There is another consideration, however, which I can only touch on here: the undialectical way in which most of us view the state (as you can see, I am not exempting myself from the criticism). By undialectical, I mean viewing the state as an undifferentiated entity. In fact, the state is highly differentiated—as Hegel puts it in a different context, the concrete is a totality of internal differentiations. This is overlooked by reformists, who tend to view the state as a “neutral” entity that can be “taken over” in imposing socialistic measures. The opposite position is to dismiss the state for its hierarchical and oppressive nature (which it surely has) and to proclaim that we should have little or nothing to do with it. Those holding the first position may be willing to join the battle for democracy (though for the wrong reasons, insofar as they subsume the struggle for socialism under it) while those holding the second position tend to abstain from the battle for democracy. Both view the state as one-dimensional in not seeing that it contains two overlapping but distinct determinations: one the state’s structure, geared to employ power and (where necessary) violence to maintain class rule, the other functions that are currently part of the state (schooling, medical care, representative bodies, etc.) but which could exist in a future society freed from the integument of an oppressive state apparatus.

Marx makes this distinction in his Critique of the Gotha Program in using the term Der Staat to refer to statist structures and Staatswesen to refer functions now performed by the state but which need not be defined by structures geared to promote the domination of one class over another.

When the distinction between state structure and state functions is overlooked, it is easy to either 1) collapse the struggle for socialism into demanding reforms from the state, or 2) overlook the need to defend and indeed expand certain state functions — like enabling the right to vote — in the course of combatting repressive state structures.

This much is clear: a terrible threat awaits us if (as is quite possible) Trump or someone like him wins control of the White House in 2024. It may well spell the end of what is left of democracy in America, but not only in America. Trump, after all, admires Putin and cares not a fig-leaf for the fate of East Europeans: if he is in charge in 2024, is it not likely that he will give Putin a green light to do whatever he wants? Perhaps, but Trump (or his equivalent) can just as easily decide to wage direct war on Putin if that serves the Far Right’s political aims: in that case, what kind of world will be facing with two such pathological narcissists having their fingers on the nuclear trigger?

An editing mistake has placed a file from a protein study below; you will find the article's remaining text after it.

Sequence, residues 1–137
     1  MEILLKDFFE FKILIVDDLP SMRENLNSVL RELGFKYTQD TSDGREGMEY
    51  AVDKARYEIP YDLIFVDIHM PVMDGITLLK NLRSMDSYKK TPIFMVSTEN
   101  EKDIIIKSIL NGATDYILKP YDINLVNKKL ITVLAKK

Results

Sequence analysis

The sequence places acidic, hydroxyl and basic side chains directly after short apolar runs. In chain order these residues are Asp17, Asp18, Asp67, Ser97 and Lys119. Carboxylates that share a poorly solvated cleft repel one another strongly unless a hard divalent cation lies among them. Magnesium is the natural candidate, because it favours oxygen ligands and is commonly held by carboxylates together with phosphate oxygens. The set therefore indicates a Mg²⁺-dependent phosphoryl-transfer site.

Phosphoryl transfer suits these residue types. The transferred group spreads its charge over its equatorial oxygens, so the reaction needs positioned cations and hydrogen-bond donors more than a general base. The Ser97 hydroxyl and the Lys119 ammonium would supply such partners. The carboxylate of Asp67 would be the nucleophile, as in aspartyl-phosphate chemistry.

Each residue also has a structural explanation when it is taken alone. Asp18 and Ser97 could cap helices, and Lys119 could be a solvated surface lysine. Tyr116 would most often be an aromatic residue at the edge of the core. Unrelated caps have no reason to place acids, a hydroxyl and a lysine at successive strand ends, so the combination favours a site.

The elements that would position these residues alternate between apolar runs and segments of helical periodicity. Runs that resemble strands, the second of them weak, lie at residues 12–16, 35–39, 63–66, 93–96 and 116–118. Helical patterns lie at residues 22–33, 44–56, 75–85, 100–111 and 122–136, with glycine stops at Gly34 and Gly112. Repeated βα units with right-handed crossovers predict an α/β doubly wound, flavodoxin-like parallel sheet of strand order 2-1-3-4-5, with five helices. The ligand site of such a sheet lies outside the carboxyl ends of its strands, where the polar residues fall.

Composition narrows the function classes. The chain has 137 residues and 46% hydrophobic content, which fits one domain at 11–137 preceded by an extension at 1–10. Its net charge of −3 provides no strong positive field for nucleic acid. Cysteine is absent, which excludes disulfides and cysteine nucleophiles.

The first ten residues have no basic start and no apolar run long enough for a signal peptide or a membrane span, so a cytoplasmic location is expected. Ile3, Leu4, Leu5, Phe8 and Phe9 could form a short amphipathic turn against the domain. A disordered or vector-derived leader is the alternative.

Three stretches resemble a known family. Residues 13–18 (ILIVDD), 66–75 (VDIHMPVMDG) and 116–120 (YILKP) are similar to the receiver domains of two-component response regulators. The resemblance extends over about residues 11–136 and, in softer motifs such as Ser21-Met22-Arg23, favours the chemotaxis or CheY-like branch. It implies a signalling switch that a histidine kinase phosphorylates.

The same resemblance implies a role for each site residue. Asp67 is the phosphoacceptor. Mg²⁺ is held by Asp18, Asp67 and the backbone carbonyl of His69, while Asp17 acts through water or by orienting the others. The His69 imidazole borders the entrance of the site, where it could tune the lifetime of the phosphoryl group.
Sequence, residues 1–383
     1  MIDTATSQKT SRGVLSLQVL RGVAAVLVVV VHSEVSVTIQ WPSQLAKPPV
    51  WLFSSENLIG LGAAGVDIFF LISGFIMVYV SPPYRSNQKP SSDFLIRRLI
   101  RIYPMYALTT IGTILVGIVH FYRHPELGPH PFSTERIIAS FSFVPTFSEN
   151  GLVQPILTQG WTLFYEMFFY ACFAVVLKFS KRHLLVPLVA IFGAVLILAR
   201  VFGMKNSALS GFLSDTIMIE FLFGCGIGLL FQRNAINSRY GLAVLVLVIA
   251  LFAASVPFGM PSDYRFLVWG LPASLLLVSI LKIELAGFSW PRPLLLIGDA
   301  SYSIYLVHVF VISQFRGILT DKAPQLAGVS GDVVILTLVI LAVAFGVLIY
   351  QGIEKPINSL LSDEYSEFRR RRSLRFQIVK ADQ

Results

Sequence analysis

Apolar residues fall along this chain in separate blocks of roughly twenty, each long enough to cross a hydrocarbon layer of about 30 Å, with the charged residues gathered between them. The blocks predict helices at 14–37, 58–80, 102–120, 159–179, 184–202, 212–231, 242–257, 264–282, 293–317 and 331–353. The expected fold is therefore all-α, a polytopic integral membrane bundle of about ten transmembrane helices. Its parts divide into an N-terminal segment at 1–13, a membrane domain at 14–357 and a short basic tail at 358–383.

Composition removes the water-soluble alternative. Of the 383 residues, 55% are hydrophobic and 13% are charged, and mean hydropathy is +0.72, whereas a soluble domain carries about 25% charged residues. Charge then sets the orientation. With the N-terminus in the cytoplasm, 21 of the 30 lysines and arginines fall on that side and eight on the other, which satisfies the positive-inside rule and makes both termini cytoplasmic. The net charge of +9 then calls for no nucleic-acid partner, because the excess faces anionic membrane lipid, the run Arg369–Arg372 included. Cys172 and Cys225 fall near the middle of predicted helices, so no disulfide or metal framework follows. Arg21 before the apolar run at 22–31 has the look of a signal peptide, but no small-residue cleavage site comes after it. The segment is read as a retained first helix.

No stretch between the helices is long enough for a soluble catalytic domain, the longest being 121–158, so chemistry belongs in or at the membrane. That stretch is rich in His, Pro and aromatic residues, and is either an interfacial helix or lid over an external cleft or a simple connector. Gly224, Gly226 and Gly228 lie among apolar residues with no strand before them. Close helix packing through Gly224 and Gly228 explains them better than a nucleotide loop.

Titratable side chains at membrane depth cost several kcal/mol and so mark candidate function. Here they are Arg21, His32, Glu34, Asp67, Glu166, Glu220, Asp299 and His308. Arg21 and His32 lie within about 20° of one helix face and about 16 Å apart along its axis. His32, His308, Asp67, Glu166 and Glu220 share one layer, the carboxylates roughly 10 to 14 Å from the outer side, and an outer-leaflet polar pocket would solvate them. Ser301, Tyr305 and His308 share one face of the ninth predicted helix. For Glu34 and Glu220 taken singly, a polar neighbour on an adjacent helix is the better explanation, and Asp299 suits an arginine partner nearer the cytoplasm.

We cannot predict the future, but Russia’s invasion of Ukraine, and the new-found sense of strength and unity of purpose that it has provided to U.S. imperialism and NATO, is the kind of once in a generation event that transforms the entire global landscape. It is akin to such historical turning points as 1914, 1939, or 1989. A storm is brewing, comrades, and the times has come to determine if we are ready for it.

[Slightly revised on April 20, 2022]


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  1. Tòmas

    Insightful and inspiring.

    I don’t wish to distract from the main arguments here, which I agree with very much, but I question one historical point:

    “Marx’s biggest and most persistent political disputes during his lifetime were with, 1) anarchists who held that there was “no basic difference” between “bourgeois democracy” and rightwing authoritarianism, and 2) reformist socialists who treated the struggle for democracy as an end-in-itself rather than the basis from which to wage social revolution.”